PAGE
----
In his address to the second Euro Arab Peace conference organised by the Government of Dubai, His Highness Sheikh Mohammed bin Rashid Al Maktoum, Defence Minister and Crown Prince of Dubai, said that the President, His Highness Sheikh Zayed bin Sultan Al Nahyan, the UAE Government and the people of the country were ready to dedicate themselves to the cementing of ties between the Arab world and Europe in order to advance the peace process.
His Highness said that Installing a fair and long lasting peace in the Middle East has become a European and Arabic strategic nesessity. It requires a strong position that guarantees the peace process and overcomes any obstacles placed in its way.
Officially the conference focused on strenthening Euro-Arab ties during the ten year build-up to their scheduled customs union. Speaker after speaker, however, urged EU representatives to play a greater role in the peace process so that the United States was not the sole arbiter of the peace plan.
It was pointed out that the European Union is the Arab states' main commercial partner, with 47% of all imports to the Arab states coming from Europe, while exports to Europe reached 38% of the Arab total.
Oil and gas account for 60% of the European Union's total imports from the region. Studies show that by the year 2020, the volume of these imports will triple, which means that the Euro-Arab partnership is so important that none of the parties can do without it.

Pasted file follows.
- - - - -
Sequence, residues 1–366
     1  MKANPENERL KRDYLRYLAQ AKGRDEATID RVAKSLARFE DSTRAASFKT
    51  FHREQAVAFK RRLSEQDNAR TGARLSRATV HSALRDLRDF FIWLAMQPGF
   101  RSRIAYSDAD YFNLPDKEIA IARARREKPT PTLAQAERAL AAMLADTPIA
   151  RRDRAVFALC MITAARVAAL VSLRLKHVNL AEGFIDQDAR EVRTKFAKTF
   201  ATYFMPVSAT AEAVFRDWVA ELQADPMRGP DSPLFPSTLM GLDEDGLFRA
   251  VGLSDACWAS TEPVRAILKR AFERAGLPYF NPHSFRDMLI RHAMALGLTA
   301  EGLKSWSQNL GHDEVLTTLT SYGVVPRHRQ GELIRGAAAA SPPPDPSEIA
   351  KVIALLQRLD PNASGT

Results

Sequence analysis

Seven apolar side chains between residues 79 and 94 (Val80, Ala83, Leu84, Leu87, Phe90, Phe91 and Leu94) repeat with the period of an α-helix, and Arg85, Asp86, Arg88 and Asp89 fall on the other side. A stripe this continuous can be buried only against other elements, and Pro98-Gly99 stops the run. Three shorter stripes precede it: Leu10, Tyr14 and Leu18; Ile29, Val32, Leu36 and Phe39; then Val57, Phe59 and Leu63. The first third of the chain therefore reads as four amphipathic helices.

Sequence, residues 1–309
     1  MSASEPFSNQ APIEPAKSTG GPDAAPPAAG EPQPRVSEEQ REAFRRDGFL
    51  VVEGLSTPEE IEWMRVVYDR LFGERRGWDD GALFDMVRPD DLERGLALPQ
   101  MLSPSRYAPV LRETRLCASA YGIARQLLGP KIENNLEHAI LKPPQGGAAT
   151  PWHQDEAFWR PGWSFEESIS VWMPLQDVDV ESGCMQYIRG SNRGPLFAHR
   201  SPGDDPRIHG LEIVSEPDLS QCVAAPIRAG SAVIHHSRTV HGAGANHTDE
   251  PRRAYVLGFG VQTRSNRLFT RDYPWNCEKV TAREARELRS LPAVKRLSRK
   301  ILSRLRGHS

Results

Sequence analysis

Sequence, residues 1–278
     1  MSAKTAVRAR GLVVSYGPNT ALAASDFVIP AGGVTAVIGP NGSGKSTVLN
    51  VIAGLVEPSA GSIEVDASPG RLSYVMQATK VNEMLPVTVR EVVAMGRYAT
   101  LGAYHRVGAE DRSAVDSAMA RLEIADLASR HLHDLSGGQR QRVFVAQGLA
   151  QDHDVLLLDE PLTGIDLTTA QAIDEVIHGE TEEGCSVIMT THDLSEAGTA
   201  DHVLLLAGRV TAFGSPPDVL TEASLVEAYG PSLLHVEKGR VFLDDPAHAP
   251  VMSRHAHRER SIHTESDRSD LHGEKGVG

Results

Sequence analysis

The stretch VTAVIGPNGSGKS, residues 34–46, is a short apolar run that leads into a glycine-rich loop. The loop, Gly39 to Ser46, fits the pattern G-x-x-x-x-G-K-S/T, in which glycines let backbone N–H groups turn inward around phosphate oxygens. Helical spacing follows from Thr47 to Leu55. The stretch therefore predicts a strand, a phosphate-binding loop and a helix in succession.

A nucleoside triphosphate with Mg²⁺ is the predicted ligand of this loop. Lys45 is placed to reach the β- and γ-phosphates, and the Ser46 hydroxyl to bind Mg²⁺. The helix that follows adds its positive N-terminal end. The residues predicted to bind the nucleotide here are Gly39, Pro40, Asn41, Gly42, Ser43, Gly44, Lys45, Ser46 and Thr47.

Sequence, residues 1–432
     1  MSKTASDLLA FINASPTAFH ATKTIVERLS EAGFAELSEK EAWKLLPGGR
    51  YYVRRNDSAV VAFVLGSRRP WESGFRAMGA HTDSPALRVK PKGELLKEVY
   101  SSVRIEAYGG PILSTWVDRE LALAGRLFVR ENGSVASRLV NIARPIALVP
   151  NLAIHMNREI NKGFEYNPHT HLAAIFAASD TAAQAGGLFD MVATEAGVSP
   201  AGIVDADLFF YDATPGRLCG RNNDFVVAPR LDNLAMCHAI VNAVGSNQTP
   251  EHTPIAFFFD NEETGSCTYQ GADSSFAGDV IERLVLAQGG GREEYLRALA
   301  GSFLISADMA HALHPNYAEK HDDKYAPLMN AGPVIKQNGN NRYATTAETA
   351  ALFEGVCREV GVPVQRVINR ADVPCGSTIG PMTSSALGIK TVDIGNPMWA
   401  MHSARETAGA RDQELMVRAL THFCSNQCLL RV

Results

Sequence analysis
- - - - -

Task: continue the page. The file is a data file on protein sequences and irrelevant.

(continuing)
In spite of this common interest, it was felt by Arab delegates that the European Union had failed to respond adequately to some of the challenges relating to the peace process. It was not exerting pressure proportional to its economic weight to make Israel take a more reasonable stance at the peace talks. Israel is succeeding in its efforts to marginalize the EU from the peace process. This is ironic, as Europe is one of its main financial supporters.
Animated discussions broke out among delegates regarding the attitudes of governments within the EU toward Arab interests. The Europeans were accused of placing economic relations with Israel above the rights of the Palestinian people. Some of the more robust speakers demanded that Europe impose economic sanctions on Israel. The debate also covered European arms sales in the context of the peace process.
One of the working sessions held during the conference focused on Europe's role in achieving peace in the Middle East. Doctor Ismat Abdel Mequid, the Arab League General Secretary, emphasized that Euro-Arab relations play an important role in the Arab world because of the historically strong political and social links between the two regions. It is important that the Arab region's strategic importance to Europe be recognised, and that stability be achieved to ensure the prosperity and peace not only of the Arab region, but also of Europe.
Ambassador Miguel Moratinos, Special European Union Envoy for the Peace Process in the Middle East, said that there is a convergence between European and Arab interests. Economic policy is just one side of the coin, while cooperation is the other.
At the close of the conference, a consensus had been reached that Europe should play a more positive role in the development of the peace process in the Middle East, a role that fits its political and economic importance.
Has Europe at last found the will to take a firmer stand against Israel and demand a place at the peace talks to defend the rights of the Palestinian people? And will Europe threaten sanctions against Israel to back this up?
Although Euro-Arab dialogue will continue, it is unlikely that this will be translated into more effective political action in the near future.